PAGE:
• in February of this year, possibly the most significant competition restructuring in Australia occurred; the ACCC accepted Telstra’s structural separation and migration plan that put in place arrangements for the migration of its services from its fixed line access networks to the NBN, with a key principle being “equivalent and effective access” by Telstra’s competitors to Telstra’s wholesale services.  The NBN Co-Optus deal to decommission the Optus HFC network also was authorised.  Although the agreement sees the exit of a facilities-based competitor, the ACCC focused on the bigger picture of facilitating the fundamental restructuring of the industry (in particular Telstra’s structural separation) through the NBN project.  Mr Sims has indicated that ensuring “these arrangements work in ways that promote competition” is a “key focus area” for the ACCC.

The ACCC has also highlighted its increased interaction and engagement with competition agencies in other jurisdictions, and an even greater level of coordination and cooperation with those other competition agencies.  Exchanging information about conduct that may have an effect in multiple jurisdictions is increasingly likely. 

Set out below is a snapshot of some key matters that the ACCC is undertaking:

  • criminal cartel conduct investigations – although there have been no prosecutions under the cartel conduct provisions implemented in 2009, Mr Sims has stated that the ACCC “currently has a number of important cartel investigations underway, including cartels that potentially involve criminal conduct”;
  • proceedings involving the digital/online economy – Mr Sims has observed that “the online economy poses the biggest regulatory challenge in a generation” and that “online technology is revolutionising competitive dynamics”.  The ACCC’s key challenges are ensuring that consumers enjoy the same protections in the digital/online economy as they do elsewhere, and preventing incumbents from misusing their market power against the many new and innovative competitors that will emerge from the digital/online economy.  Significant proceedings in this sector include those against Google, Apple, ANZ, Flight Centre and Ticketek;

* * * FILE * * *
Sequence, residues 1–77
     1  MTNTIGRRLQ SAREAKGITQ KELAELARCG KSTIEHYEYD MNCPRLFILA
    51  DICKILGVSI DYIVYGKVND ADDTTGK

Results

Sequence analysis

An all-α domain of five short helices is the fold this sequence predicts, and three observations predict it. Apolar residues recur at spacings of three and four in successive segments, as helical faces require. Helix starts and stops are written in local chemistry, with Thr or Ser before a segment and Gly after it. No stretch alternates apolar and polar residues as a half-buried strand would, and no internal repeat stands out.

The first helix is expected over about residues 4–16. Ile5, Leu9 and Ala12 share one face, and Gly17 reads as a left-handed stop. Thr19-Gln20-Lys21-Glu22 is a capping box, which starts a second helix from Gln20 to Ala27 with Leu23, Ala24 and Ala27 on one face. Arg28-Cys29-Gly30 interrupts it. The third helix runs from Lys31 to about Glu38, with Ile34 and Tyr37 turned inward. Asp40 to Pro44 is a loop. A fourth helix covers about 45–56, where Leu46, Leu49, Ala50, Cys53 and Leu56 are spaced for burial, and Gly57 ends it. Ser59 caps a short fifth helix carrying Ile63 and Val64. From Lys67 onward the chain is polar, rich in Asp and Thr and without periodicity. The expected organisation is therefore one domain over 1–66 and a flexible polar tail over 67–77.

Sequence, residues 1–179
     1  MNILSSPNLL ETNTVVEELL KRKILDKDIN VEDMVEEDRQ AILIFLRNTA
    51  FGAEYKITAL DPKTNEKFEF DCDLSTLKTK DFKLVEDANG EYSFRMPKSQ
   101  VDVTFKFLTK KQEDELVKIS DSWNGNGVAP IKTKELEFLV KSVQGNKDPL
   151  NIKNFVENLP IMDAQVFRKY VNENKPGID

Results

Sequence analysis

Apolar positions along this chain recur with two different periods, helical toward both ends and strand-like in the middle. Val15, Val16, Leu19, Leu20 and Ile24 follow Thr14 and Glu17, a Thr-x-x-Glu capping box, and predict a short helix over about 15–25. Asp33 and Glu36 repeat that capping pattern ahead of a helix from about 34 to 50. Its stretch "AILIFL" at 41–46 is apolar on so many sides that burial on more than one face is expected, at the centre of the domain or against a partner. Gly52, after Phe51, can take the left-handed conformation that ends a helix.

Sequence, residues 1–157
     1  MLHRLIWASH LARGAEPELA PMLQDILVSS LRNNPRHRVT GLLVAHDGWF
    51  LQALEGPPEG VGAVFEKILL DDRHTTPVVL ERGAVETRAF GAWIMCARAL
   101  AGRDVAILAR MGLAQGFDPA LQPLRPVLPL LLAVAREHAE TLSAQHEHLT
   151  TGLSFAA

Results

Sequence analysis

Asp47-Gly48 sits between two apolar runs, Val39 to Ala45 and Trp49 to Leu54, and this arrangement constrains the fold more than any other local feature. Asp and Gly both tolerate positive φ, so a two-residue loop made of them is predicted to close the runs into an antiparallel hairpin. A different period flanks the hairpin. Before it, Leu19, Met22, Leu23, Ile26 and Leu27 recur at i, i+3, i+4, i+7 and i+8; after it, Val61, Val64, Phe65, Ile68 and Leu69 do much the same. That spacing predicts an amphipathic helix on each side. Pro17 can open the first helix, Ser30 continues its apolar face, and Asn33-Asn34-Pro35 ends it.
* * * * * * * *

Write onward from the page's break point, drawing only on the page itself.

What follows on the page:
• petrol retailing investigation – the ACCC is concerned that petrol price sharing arrangements between major petrol retailers allow them to signal price information, monitor competitors’ responses and react to them.  It sees this issue as being of significant public interest and is willing to undertake this investigation even though it “will not be straight forward or free from challenge”; and
  • small retail acquisitions – the ACCC has been “paying increased attention to incremental acquisitions” such that further acquisitions do not “ultimately lead to retail or… wholesale industry structures that may adversely affect the competitiveness of these markets or reduce choice for customers”.  Examples include the ongoing assessment of a number of proposed small retail acquisitions of hotels and liquor stores in NSW by major supermarket chains, a number of hardware stores in Ballarat and two supermarkets in Western Australia.

The ACCC’s recent track record in relation to merger review is addressed in a separate, forthcoming, update.

What does this mean for businesses?

We anticipate that the ACCC will continue to advance the clearly articulated policy agenda that Sims has outlined.  This will involve detailed investigations, often broader in scope and conducted with a greater degree of public transparency than business historically may have experienced. Arising out of these investigations, we expect the ACCC to commence a number of complex cases consistent with its policy objectives, even where the likelihood of success may be uncertain.  More than ever, it is imperative to ensure rigorous strategies are in place for managing competition law compliance risk.